Eye Spy

Drama can sometimes be slow, silent and subdued.

Take this pair of strawberry conch shells (Conomurex luhuanus) for instance:

Here's looking at you (License image)

Camouflaged at a depth of 25m, five or six cm in length each, this pair of molluscs looked like nothing more than lumps. Boring, motionless bumps in the sand. Ho hum.

Closer examination however revealed sea snails in the throes of heated gastropod passion.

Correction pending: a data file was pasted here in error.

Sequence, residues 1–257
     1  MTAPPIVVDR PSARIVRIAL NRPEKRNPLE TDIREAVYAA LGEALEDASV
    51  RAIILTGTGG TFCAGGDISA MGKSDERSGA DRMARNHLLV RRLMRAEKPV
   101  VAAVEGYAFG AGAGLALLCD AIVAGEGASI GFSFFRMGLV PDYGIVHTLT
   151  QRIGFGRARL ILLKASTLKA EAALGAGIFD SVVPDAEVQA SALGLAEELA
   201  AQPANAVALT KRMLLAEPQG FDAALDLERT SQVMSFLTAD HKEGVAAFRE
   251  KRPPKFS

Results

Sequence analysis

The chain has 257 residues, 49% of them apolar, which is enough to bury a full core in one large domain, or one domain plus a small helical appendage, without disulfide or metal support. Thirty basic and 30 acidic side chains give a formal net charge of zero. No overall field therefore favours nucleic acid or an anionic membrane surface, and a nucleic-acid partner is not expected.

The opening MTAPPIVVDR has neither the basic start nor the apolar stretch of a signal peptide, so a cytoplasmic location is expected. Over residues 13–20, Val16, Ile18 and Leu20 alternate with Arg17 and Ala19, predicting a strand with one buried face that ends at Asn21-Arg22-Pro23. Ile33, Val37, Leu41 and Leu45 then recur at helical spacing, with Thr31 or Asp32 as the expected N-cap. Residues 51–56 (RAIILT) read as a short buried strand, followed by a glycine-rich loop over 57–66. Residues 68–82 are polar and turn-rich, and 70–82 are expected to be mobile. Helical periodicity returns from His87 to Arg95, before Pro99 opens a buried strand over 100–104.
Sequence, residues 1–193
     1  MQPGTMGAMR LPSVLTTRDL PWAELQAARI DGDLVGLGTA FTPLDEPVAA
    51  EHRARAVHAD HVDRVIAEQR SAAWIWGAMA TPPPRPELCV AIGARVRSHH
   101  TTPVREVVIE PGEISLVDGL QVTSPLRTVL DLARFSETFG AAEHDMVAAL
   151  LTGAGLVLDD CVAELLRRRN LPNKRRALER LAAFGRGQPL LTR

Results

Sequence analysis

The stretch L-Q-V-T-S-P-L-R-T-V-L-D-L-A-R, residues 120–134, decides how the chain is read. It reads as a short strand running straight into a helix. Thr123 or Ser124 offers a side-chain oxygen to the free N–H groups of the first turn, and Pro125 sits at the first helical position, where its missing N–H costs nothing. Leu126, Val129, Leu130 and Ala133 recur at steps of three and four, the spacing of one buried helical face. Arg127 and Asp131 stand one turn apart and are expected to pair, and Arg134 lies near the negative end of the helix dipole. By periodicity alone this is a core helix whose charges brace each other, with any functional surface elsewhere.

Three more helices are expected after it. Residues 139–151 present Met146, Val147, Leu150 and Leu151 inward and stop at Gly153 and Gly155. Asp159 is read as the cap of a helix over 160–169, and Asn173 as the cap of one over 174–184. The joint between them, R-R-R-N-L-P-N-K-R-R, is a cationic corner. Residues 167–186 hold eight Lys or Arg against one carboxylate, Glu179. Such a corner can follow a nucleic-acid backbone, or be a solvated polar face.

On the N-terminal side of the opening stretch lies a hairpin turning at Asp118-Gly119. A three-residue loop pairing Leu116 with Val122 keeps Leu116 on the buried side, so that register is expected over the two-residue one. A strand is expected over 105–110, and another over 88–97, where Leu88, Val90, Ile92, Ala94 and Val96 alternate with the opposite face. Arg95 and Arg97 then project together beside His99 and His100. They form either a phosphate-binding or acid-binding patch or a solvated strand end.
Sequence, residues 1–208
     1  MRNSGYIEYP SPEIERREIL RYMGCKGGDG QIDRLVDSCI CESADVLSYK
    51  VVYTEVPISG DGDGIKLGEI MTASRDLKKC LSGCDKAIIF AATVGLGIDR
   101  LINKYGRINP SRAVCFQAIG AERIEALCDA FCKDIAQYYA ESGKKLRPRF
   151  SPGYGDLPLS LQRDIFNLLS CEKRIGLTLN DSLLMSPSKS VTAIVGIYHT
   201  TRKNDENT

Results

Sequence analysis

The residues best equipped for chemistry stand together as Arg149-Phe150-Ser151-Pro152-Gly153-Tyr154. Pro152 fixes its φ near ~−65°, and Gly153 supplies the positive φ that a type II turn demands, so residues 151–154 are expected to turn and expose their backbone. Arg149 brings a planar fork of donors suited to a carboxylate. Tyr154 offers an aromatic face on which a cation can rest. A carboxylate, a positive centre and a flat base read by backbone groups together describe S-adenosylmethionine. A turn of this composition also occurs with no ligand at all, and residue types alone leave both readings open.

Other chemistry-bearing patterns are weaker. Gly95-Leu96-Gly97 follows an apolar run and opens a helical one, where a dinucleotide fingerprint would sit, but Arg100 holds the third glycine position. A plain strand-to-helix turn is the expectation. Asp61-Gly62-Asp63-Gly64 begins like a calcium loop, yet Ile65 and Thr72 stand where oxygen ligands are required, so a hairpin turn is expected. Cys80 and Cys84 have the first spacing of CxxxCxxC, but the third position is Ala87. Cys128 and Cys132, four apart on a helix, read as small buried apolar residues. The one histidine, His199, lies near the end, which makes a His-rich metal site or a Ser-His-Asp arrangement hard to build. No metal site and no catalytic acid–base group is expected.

The male is in the rear. See the look in his eye? He's saying "Scram, I'm busy!" (Ok, maybe I'm reading too much into it.)

In case it's not obvious, the conchs were copulating, with the male fertilising via the female's siphonal notch while the female was depositing a long, tubular egg mass in the sand.

Don't believe me? Allow me to zoom and enhance:

Conomurex luhuanus strawberry conch eggs
Artistic, hand-drawn, pretty-in-pink pointer to the eggs

I can't claim to have been able to see those teeny-tiny eggs while I was photographing. All I could do was to keep an eye out for motion of the female, pressing the shutter when she moved in a way that suggested deposition of eggs.